When the sales guy wants to go to the back room to "talk over the numbers," I haul out either the laptop or the book. If it's the laptop, I make sure he sees that I'm looking at vehicles at someone else's dealership. If it's the book, I let him wait while I finish my chapter before he gets my attention again. Then, I get out the sharpie. If his price isn't my price, I just make a really big X through his numbers and write in my own. Then I push it back across the desk and stare at him expectantly (e.g., the look). After blustering a bit, he'll eventually get up and go back to the back.

    Sales guy only gets two trips to the back. If he comes out the second time without my numbers, I pack up and head for the door without a word. When he comes after me (they always have), I just say, "I'm sorry. It looked like you didn't want to sell me the car today, so I have other people to see." Then head for the door again. If he lets me go, his loss. If he stops me again, the guy in back with authority to negotiate needs to just come talk to me personally. I don't like the "runner" approach - it's a tactic to keep the buyer off his game.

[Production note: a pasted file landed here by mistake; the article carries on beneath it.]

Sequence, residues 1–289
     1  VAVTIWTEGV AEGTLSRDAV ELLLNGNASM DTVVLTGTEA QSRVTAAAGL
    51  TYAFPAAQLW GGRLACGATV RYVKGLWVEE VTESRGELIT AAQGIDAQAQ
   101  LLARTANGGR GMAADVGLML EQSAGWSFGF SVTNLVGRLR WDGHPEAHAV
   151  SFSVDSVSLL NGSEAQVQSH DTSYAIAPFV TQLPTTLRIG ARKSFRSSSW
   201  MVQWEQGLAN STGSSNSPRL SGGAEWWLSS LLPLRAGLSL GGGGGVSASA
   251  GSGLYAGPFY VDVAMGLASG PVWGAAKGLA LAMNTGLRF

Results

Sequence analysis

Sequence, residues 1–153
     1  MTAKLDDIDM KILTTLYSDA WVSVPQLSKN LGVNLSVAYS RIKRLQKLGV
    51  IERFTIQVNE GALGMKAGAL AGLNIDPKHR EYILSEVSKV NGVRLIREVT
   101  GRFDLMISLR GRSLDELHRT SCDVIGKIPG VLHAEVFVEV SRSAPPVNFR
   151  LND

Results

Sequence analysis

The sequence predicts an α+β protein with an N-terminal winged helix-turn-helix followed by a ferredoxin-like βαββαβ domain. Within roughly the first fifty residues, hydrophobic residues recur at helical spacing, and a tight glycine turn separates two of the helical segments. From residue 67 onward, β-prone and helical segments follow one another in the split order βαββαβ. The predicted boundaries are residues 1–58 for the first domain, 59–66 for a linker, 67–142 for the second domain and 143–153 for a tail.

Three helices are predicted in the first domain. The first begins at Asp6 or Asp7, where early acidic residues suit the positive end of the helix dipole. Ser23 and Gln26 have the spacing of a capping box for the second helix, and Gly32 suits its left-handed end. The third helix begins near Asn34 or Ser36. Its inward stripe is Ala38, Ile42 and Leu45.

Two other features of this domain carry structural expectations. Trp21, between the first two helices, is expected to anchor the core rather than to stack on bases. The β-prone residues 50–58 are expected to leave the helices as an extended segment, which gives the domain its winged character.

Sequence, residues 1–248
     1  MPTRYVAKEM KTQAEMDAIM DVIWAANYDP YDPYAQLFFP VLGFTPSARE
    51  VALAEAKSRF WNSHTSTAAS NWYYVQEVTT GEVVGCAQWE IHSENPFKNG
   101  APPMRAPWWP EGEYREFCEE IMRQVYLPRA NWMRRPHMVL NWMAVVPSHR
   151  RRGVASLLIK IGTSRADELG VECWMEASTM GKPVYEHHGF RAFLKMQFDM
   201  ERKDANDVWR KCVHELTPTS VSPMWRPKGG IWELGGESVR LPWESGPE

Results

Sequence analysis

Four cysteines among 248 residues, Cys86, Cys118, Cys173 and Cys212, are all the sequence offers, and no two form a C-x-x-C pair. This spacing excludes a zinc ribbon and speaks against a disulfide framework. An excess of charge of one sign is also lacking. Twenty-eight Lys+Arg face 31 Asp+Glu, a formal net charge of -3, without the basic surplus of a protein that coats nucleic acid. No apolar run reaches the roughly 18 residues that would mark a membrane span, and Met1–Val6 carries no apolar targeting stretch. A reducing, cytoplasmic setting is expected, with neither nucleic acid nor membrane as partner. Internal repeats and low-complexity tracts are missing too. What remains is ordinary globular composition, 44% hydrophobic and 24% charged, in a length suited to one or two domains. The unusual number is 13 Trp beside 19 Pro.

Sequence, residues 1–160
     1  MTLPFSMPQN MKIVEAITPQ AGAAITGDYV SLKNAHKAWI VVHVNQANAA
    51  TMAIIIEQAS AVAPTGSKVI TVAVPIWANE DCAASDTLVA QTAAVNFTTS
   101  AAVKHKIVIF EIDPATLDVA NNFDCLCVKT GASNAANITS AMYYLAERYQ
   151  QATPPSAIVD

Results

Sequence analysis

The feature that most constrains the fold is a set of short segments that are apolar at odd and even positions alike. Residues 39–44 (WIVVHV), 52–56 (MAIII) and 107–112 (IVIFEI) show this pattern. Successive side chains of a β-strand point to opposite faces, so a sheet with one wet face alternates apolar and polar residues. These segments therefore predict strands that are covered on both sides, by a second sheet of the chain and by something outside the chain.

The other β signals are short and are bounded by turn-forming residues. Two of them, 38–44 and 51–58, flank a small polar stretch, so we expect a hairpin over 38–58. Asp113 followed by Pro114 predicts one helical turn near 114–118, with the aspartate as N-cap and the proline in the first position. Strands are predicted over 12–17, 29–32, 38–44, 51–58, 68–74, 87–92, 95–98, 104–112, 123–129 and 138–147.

I take my time, walk away when I need to, and go prepared with my facts. My last truck was MSRP of $42K at original sale. It was on the lot at $29,900 with 16,000 miles. I bought it for just under $14,000.
  20. Bassamatic

    Bassamatic keepin' the beat since the 60's Supporting Member

    The best way to buy a new car is to go to Edmunds.com. You can:
    - find out what they think of the car and read reviews and road tests.
    - Find out the true dealer's cost
    - Find out what others are paying - a real price you might expect to pay
    - Check all the options
    - Request a quote from several dealers
    - check the value of your current car